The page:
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Proud Boys’ Tarrio guilty of Jan. 6 seditious conspiracy

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Video by Associated Press
ASSOCIATED PRESS
                                Proud Boys chairman Enrique Tarrio rallies in Portland, Ore., in August 2019. Tarrio and three other members of the far-right extremist group were convicted today of a plot to attack the U.S. Capitol in a desperate bid to keep Donald Trump in power after the Republican lost the 2020 presidential election.
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ASSOCIATED PRESS

Proud Boys chairman Enrique Tarrio rallies in Portland, Ore., in August 2019. Tarrio and three other members of the far-right extremist group were convicted today of a plot to attack the U.S. Capitol in a desperate bid to keep Donald Trump in power after the Republican lost the 2020 presidential election.

ASSOCIATED PRESS
                                Proud Boys chairman Enrique Tarrio rallies in Portland, Ore., in August 2019. Tarrio and three other members of the far-right extremist group were convicted today of a plot to attack the U.S. Capitol in a desperate bid to keep Donald Trump in power after the Republican lost the 2020 presidential election.

WASHINGTON >> Former Proud Boys leader Enrique Tarrio and three other members of the far-right extremist group were convicted today of a plot to attack the U.S. Capitol in a desperate bid to keep Donald Trump in power after the Republican lost the 2020 presidential election.

A jury in Washington, D.C., found Tarrio guilty of seditious conspiracy after hearing from dozens of witnesses over more than three months in one of the most serious cases brought in the stunning attack that unfolded on Jan. 6, 2021, as the world watched on live TV.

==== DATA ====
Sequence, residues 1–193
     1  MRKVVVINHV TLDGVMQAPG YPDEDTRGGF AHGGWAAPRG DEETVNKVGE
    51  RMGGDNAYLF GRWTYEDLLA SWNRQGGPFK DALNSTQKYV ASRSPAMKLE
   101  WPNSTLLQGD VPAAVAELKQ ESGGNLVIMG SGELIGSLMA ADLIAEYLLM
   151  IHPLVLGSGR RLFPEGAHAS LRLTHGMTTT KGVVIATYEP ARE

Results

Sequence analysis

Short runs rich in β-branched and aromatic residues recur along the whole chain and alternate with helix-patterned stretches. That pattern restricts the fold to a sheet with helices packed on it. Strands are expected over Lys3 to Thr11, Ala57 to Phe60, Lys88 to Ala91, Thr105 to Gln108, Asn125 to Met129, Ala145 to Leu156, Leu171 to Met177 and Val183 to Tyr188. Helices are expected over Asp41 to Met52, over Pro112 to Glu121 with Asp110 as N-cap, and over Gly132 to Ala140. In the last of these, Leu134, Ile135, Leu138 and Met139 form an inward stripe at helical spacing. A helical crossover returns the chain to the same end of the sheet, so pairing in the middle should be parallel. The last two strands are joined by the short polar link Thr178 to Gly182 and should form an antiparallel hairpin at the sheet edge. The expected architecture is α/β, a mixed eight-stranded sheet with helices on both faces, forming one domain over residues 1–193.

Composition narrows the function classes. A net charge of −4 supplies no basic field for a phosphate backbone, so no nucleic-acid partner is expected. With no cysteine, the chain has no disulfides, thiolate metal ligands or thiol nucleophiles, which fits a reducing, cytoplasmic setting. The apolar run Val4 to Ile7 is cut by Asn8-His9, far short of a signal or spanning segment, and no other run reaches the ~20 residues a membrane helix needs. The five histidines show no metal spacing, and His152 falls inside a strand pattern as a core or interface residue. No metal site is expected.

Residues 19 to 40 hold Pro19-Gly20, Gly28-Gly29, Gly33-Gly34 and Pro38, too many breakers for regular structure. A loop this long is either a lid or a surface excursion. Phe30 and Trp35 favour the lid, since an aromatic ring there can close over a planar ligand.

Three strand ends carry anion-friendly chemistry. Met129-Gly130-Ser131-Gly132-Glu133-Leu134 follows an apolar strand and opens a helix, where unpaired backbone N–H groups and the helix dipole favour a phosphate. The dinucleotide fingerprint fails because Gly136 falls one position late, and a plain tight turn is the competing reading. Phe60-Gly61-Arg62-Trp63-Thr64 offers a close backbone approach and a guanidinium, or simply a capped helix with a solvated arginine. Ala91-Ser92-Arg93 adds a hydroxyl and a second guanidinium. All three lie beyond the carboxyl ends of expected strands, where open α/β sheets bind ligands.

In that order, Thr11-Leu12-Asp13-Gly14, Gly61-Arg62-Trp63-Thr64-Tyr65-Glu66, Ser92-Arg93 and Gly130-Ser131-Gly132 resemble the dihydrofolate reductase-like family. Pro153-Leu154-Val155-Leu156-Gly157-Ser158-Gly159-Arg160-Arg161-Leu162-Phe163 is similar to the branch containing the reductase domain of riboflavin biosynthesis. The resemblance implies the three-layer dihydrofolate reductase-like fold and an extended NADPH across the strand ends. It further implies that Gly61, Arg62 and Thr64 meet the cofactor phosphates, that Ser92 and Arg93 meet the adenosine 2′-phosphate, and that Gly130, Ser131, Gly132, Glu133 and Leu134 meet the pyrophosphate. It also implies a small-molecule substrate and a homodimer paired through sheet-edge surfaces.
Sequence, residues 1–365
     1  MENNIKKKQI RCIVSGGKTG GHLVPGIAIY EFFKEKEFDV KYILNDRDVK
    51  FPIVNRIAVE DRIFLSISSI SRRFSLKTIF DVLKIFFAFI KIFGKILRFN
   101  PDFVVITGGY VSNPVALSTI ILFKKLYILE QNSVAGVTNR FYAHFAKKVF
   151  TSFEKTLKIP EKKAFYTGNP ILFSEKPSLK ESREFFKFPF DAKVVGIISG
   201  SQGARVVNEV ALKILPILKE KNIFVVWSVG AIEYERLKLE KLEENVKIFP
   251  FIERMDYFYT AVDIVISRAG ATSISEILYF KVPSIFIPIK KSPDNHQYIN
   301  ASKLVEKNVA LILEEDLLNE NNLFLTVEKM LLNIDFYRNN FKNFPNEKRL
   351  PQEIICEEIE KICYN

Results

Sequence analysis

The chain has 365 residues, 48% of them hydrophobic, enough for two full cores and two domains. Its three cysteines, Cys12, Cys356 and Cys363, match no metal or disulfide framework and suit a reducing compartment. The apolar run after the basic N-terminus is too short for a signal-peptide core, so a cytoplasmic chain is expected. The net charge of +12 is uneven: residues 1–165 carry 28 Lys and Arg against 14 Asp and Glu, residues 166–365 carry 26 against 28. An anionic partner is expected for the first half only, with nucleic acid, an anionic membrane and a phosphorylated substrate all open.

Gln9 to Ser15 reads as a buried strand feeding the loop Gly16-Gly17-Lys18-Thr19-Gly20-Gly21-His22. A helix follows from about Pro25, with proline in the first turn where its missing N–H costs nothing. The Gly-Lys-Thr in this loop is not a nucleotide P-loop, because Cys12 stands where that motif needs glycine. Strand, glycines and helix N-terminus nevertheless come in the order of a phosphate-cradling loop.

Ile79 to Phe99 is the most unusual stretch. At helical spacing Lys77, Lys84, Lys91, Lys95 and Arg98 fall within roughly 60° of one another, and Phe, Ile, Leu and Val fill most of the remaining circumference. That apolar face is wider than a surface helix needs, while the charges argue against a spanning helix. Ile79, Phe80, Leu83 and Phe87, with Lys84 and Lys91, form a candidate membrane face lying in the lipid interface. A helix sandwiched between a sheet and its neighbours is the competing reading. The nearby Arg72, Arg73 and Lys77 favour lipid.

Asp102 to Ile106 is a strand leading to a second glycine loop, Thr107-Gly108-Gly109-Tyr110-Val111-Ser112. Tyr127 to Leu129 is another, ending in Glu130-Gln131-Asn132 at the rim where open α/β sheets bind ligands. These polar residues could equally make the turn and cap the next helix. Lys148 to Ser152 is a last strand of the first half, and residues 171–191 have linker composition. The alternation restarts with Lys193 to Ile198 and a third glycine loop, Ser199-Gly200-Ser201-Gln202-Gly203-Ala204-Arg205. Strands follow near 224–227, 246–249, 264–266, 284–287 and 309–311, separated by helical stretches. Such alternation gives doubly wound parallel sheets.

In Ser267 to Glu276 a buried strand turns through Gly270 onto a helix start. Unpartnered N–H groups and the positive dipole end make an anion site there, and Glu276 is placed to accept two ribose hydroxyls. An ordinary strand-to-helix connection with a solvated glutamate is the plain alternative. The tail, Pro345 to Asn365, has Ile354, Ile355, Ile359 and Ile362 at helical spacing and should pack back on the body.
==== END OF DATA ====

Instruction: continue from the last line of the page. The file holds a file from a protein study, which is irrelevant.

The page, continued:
It’s a significant milestone for the Justice Department, which has now secured seditious conspiracy convictions against the leaders of two major extremist groups prosecutors say were intent on keeping Democratic President Joe Biden out of the White House at all costs. The charge carries a prison sentence of up to 20 years.

Tarrio, behind bars since his March 2022 arrest, didn’t appear to show any emotion as the verdict was read. He hugged one of his lawyers and shook the hand of the other before leaving the courtroom. A few of the people sitting among the defendants’ relatives wiped away tears as the verdict was read.

The verdict comes after a trial that took more than twice as long as originally expected, slowed by bickering, mistrial motions and revelations of government informants in the group. Securing the conviction of Tarrio, a high-profile leader who wasn’t at the riot itself, could embolden the Justice Department as a special counsel investigates Trump, including key aspects of the Jan. 6 insurrection.

Special Counsel Jack Smith in recent weeks has sought the testimony of many people close to Trump. They include former Vice President Mike Pence, who testified before a grand jury last week, likely giving prosecutors a key first-person account about certain conversations and events in the weeks preceding the riot.

Tarrio was a top target of what has become the largest Justice Department investigation in American history. He led the neo-fascist group — known for street fights with left-wing activists — when Trump infamously told the Proud Boys to “stand back and stand by” during his first debate with Biden.